When parents decide to get a divorce, a key concern is who will have primary custody of the children. Battles can become even more contentious and painful.
If parents can come to an amicable arrangement, a judge will favor using that agreement. If the parents cannot devise a plan, the court uses the following guidelines to determine primary custody.
The best interests and needs of the child
This factor is the overarching concern for the court. A judge evaluates where the child can thrive and fulfill physical, emotional, spiritual and educational needs. The court can consider the child’s preference but has no obligation to do so.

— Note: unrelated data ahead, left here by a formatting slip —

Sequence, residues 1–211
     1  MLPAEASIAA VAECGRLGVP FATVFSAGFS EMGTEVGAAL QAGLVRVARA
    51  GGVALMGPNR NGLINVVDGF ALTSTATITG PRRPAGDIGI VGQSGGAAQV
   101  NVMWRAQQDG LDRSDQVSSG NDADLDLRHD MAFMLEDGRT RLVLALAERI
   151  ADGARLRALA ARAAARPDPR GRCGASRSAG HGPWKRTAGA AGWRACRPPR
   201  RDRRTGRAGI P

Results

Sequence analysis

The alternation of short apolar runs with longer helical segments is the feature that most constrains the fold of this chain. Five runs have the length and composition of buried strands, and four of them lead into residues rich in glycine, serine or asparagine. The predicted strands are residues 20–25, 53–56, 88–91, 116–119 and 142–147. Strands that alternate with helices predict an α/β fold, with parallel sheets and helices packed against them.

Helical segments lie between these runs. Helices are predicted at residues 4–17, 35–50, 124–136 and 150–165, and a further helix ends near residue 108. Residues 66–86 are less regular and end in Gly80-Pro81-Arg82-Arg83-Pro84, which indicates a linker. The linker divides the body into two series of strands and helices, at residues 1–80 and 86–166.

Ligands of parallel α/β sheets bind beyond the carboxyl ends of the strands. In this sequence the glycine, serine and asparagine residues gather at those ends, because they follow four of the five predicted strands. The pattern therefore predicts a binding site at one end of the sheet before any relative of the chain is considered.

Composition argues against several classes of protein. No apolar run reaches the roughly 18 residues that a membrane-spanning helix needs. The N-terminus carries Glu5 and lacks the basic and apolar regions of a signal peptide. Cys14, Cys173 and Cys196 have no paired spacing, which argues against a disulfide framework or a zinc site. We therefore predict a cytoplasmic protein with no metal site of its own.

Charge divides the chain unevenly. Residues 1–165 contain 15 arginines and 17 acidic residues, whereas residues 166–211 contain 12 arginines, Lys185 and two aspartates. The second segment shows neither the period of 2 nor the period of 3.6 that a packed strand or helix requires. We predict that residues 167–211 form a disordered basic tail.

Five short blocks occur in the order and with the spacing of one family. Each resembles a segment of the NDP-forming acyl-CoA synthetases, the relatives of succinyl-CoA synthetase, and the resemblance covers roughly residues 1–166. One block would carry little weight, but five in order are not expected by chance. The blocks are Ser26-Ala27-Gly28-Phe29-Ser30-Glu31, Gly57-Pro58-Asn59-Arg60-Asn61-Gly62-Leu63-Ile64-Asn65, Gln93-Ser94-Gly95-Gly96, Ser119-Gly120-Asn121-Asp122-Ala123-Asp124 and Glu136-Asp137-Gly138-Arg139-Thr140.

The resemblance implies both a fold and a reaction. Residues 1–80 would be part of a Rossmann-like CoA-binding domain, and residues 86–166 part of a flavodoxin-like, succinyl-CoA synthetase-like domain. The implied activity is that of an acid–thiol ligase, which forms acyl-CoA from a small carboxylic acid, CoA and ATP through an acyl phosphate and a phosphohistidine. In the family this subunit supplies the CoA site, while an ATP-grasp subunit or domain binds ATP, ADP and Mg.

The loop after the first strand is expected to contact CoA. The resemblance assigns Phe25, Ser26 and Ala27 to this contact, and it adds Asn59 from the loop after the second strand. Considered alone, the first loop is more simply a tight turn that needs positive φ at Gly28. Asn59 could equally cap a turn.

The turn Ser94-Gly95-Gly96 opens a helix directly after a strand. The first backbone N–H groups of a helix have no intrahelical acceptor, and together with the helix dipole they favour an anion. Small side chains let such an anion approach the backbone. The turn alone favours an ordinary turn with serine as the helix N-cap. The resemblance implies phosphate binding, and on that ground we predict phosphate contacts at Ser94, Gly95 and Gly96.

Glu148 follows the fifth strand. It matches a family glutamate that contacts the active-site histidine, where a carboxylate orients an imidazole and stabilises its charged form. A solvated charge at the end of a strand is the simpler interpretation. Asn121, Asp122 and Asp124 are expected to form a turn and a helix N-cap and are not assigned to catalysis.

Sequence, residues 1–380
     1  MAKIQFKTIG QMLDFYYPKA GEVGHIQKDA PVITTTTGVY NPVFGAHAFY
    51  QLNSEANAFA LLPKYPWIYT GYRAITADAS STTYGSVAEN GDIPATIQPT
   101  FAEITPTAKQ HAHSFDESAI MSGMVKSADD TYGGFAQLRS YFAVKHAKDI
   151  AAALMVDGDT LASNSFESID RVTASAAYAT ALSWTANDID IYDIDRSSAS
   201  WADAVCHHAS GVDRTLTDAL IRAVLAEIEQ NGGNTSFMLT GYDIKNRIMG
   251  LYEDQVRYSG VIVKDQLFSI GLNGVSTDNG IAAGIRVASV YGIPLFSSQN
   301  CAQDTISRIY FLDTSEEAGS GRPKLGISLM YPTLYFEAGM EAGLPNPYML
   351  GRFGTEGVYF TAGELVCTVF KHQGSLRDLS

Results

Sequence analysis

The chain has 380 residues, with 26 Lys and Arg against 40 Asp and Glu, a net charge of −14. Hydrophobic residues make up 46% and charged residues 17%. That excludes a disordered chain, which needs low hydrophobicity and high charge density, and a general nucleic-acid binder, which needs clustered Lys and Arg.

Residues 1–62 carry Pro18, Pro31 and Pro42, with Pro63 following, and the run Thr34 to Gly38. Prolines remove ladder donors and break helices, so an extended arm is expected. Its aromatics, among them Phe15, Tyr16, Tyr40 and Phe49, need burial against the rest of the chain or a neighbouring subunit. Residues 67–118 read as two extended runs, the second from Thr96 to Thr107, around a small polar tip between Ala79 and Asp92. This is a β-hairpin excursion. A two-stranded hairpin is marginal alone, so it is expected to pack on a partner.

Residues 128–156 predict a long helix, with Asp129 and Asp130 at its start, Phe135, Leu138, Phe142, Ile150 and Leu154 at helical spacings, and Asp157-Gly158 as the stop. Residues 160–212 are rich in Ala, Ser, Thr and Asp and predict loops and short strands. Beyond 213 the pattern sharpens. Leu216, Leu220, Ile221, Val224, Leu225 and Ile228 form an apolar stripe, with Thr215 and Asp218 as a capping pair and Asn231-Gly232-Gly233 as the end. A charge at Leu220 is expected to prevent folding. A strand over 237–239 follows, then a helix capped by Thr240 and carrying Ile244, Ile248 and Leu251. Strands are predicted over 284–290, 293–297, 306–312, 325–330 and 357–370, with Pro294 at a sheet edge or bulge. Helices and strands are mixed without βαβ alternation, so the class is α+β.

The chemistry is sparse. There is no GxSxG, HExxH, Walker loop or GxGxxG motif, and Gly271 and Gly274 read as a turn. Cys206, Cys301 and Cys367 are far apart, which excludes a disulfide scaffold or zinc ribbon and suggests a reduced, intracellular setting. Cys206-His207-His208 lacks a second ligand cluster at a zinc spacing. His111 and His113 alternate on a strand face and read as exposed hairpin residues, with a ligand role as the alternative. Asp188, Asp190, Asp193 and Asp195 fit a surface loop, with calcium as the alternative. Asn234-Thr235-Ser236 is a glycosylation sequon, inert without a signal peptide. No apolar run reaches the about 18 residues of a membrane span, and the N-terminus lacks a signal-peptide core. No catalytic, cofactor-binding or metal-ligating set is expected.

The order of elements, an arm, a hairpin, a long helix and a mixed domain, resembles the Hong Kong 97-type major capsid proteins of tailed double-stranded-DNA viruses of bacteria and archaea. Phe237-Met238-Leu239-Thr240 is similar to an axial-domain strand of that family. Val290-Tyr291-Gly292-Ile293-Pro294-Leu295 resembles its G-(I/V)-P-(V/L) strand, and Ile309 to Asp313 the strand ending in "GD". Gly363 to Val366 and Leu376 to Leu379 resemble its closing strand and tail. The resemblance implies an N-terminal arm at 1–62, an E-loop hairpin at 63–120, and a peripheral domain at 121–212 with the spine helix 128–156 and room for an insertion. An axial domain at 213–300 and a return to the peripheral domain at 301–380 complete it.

Each parent’s ability to provide
The court also considers each parent’s ability to provide a safe and secure home environment for the child. A judge considers each parent’s current living situation, employment status and financial stability to determine if both parents can provide a good home life for their child.
A parent’s character and the general home environment play a role as well. The court will review where each parent lives and if either individual has any prior criminal convictions, a history of drug abuse, issues with alcoholism or signs of abuse or neglect.
Time available to spend with the child
A parent’s work schedule could influence a custody decision. The court may also look at other commitments that might prevent one parent from having more available time with their children than another, such as travel obligations.
While custody battles are rarely pleasant, parents do better to consider what is advantageous for the children instead of using them as bargaining chips. When a parent unselfishly works for a child’s interests, custody arrangements allow for a more peaceful transition.